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Shell Withholds 100,000 Documents Critical To Ogoni Nine Case

The oil giant, Shell, is refusing to hand over more than 100,000 internal documents on the arrest, detention, and execution of nine Ogoni men in the 1990s, Amnesty International has said.

BY PUNCH NEWSPAPERSEP 08, 2017

The oil giant, Shell, is refusing to hand over more than 100,000 internal documents on the arrest, detention, and execution of nine Ogoni men in the 1990s, Amnesty International has said.

The execution of the “Ogoni Nine”,  including the renowned writer Ken Saro-Wiwa, by the government in 1995 sparked global outrage.

Others executed along with Saro-Wiwa were Saturday Dobee, Nordu Eawo, Daniel Gbooko, Paul Levera, Felix Nuate, Baribor Bera, Barinem Kiobel, and John Kpuine.

In a statement on Friday, a Senior Director of Research at Amnesty International, Audrey Gaughran, said Shell has gone to extraordinary lengths to withhold information vital to the case.

He alleged that the oil giant may have “skeletons in its cupboard” and should not be allowed to hide behind expensive legal teams to avoid facing justice

“Shell has gone to extraordinary lengths to withhold this critical information. Because the documents in question are so old, it is highly unlikely that there are legitimate business reasons for keeping them confidential. So what does Shell have to hide?”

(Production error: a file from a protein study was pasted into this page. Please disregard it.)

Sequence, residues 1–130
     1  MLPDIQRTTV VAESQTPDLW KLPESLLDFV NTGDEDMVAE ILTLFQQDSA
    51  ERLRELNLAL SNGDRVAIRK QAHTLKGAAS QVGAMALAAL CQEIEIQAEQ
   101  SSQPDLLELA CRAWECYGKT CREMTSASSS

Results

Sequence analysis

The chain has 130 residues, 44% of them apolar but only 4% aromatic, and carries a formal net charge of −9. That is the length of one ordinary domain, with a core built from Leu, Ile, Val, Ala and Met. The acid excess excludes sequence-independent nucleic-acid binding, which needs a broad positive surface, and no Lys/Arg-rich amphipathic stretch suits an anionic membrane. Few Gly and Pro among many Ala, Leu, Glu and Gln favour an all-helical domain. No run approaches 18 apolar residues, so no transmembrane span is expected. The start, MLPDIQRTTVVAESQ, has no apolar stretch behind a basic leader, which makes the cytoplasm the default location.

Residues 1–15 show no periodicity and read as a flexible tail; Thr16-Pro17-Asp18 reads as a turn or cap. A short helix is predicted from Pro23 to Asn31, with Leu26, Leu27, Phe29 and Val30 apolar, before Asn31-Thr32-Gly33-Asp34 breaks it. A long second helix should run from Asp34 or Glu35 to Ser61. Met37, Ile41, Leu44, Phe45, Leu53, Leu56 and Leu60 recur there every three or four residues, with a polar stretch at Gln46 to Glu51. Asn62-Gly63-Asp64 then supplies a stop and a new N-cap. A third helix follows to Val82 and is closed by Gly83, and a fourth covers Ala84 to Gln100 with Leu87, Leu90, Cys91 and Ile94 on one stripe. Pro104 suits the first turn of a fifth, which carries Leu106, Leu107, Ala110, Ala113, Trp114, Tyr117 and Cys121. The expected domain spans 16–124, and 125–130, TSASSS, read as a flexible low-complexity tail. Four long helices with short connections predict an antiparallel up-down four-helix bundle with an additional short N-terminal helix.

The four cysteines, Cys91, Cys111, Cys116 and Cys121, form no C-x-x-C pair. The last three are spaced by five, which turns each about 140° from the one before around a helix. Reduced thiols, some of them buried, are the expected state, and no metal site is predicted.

“Having reviewed the available evidence, Amnesty International believes that Shell was complicit in putting the Ogoni Nine at the mercy of a government it knew to be serial human rights abuser,” he said

“Given the seriousness of the allegations, it is vital that Shell releases the rest of the information. It cannot be allowed to hide behind expensive legal teams and sleights of hand to avoid facing justice.”

Meanwhile, Amnesty International said it has presented the allegations to Shell, but the oil company denied the allegation, saying it “did not collude with the military authorities to suppress community unrest and in no way encouraged or advocated any act of violence in Nigeria.”

After a 20-year battle for justice, on June 28 four of the men’s widows, led by Esther Kiobel, filed a legal writ against Shell in the Netherlands.

On September 12 the Second Circuit Court of Appeals in New York will hear the first appeal by Shell’s lawyers Cravath, Swaine & Moore, LLP against a federal court order to turn over the documents.

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